TRENTON – Acting to protect New Jersey residents from an emerging threat to public safety, Attorney General Gurbir S. Grewal today sent a “cease and desist” letter to a firearm developer that plans to publicly release computer files on August 1 that would enable individuals to create firearms using a 3-D printer.
“You are directed to cease and desist from publishing printable-gun computer files for use by New Jersey residents,” Attorney General Grewal warned Texas-based Defense Distributed in today’s letter. “The files you plan to publish offer individuals, including criminals, codes that they can use to create untraceable firearms—and even to make assault weapons that are illegal in my state.”
Citing New Jersey’s public nuisance law and prior court decisions that have upheld claims against gun manufacturers for similar reckless actions, Attorney General Grewal threatened Defense Distributed with “legal action” if it fails to comply with his demand to halt its planned publishing of printable-gun computer files starting next week.
“Defense Distributed’s plans to allow anyone with a 3-D printer to download a code and create a fully operational gun directly threatens the public safety of New Jersey’s residents, “ Attorney General Grewal stated. “Posting this material online is no different than driving to New Jersey and handing out hard-copy files on any street corner. The federal government is no longer willing to stop Defense Distributed from publishing this dangerous code, and so New Jersey must step up.”
Defense Distributed plans to “make do-it-yourself guns available to anyone, even if the individuals are prohibited from owning guns because of prior convictions, history of mental illness, or history of domestic violence, even if the weapons they print are illegal in my state, and even if they plan to use their weapons to further crimes and acts of violence,” added Attorney General Grewal. “Not only are these plans to publish printable-gun files dangerous, they also violate New Jersey law.”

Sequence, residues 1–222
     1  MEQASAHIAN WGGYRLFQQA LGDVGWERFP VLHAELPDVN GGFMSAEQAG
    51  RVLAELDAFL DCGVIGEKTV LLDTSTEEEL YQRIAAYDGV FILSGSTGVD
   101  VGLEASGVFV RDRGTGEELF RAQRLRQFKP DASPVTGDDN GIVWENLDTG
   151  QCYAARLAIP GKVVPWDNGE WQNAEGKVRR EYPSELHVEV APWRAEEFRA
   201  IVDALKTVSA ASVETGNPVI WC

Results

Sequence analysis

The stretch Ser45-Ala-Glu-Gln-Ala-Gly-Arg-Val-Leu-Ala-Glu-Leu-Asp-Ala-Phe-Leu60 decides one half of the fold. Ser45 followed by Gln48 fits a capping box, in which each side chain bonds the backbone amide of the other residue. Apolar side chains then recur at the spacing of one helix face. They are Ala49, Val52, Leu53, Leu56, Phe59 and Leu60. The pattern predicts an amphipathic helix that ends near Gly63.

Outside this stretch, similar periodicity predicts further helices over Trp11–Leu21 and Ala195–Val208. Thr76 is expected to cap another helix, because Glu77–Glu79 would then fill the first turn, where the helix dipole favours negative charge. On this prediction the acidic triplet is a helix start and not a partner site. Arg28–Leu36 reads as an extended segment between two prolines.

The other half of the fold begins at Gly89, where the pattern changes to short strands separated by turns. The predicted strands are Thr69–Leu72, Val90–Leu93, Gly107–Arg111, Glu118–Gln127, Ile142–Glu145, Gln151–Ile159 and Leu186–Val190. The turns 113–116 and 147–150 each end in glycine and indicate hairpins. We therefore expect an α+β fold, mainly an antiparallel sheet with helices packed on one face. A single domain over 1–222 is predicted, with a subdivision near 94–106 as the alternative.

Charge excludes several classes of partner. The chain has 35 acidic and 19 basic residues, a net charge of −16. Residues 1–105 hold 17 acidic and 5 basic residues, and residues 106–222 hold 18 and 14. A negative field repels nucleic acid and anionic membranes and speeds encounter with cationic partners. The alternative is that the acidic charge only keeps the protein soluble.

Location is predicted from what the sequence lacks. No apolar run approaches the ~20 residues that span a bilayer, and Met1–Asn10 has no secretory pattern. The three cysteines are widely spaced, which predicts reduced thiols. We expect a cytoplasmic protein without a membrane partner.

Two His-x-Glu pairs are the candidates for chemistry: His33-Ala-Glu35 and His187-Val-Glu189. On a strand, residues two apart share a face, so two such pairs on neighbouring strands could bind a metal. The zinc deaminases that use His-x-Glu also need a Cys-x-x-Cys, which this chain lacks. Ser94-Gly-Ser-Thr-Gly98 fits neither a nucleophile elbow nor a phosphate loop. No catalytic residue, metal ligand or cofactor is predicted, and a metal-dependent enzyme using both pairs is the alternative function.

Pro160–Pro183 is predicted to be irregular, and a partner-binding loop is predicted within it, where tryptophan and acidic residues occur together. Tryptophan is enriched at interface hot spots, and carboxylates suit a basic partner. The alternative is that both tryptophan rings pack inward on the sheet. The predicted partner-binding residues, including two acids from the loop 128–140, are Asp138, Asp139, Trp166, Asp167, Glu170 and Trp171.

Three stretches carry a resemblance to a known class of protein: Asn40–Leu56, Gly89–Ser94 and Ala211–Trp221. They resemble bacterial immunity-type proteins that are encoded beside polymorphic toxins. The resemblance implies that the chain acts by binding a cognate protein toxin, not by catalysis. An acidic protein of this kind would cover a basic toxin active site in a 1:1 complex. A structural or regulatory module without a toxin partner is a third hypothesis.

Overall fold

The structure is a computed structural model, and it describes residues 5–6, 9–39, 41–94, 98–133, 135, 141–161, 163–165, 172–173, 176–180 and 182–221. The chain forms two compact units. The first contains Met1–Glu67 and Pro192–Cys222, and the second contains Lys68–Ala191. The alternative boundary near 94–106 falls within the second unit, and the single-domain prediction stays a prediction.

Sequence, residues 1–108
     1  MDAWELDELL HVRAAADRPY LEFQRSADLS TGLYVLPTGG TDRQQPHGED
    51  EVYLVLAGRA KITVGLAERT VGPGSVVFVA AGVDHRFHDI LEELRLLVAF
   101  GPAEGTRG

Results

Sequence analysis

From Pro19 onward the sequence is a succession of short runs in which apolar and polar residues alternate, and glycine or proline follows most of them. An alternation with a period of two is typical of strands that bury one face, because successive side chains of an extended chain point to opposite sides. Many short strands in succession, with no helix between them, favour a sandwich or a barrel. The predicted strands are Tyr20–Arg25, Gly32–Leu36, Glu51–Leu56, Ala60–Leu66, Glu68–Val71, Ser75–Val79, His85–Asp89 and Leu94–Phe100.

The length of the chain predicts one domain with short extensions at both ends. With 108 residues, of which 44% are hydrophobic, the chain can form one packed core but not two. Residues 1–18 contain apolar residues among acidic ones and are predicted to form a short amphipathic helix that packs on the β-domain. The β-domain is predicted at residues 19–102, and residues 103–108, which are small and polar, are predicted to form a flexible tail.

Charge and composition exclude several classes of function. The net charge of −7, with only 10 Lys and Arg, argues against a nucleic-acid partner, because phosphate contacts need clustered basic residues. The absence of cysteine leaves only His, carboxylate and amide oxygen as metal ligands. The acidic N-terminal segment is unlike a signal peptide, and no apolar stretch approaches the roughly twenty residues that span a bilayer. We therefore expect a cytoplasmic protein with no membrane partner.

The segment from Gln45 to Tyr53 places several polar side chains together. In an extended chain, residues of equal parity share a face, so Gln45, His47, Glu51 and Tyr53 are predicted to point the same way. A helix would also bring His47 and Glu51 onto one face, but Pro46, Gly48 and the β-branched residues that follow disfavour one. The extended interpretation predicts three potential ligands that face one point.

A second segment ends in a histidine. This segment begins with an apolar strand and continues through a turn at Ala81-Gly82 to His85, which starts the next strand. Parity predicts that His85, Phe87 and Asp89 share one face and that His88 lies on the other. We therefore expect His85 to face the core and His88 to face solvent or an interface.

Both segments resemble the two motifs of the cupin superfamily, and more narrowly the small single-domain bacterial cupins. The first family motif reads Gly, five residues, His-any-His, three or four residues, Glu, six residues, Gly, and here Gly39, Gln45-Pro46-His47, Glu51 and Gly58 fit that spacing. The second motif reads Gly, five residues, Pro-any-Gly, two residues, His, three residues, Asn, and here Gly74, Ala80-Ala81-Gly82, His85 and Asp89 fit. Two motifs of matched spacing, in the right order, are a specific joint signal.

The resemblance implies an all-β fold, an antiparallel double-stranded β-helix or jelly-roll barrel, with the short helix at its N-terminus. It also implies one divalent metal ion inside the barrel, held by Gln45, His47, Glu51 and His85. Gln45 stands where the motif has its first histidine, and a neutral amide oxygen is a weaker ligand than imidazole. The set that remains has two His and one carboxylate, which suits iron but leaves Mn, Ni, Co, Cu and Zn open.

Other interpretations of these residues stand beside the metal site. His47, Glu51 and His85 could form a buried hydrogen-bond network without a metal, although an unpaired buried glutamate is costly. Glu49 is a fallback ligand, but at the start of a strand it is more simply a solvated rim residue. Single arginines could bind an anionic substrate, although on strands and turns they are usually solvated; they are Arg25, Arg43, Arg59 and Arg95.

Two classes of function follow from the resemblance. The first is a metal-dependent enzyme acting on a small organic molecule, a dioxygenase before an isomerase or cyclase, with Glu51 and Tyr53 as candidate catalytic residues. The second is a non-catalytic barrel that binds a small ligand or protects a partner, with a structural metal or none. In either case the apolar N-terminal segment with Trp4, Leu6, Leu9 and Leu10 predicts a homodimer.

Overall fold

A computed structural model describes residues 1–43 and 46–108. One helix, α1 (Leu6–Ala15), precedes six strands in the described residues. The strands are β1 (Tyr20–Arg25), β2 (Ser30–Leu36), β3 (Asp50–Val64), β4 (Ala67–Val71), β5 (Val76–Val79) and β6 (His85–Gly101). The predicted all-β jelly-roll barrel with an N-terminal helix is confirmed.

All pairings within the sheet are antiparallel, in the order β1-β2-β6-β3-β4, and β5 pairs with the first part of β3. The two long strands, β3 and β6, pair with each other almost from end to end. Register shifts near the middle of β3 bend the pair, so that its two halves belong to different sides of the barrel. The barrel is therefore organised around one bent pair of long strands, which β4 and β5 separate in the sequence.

Defense Distributed made national headlines by developing gun computer files that enable consumers to create fully operational firearms with a 3-D printer. The company’s founder, Cody Wilson, developed a printable plastic pistol known as the “Liberator .380” in 2012 and put the plans online, but was blocked by the federal government. Wilson sued, and under a settlement he reached with the U.S. State Department, his company is free to begin releasing computer files for printable guns beginning on August 1.
In his cease-and-desist letter, Attorney General Grewal warns Defense Distributed that its actions will “flood the illegal firearms market and pose a direct threat to the public safety of my state.” He also takes the company to task for striving to make do-it-yourself guns readily available to people deemed unfit to have them. “By broadly sharing an inherently dangerous product,” the letter adds, Defense Distributed “should reasonably foresee the resulting governmental and public costs and must bear them.”
The letter also highlights that Cody Wilson has “no intention of precluding [these] printable-gun computer files, including designs for assault weapons, from winding up in the hands of criminals, minors, and the mentally ill.” Wilson has publicly stated, ““All this Parkland stuff, the students, all these dreams of ‘common sense gun reforms’? No. The internet will serve guns, the gun is downloadable.” He has even announced, “I’m not worried about public safety.” As a result, the letter notes, his “interference with the public’s health and safety is intentional and per se unreasonable.”
“As the chief law enforcement officer for New Jersey, I demand that you halt publication of the printable gun computer files,” Attorney General Grewal concludes. “Should you fail to comply with this letter, my Office will initiate legal action barring you from publishing these files before August 1, 2018.”
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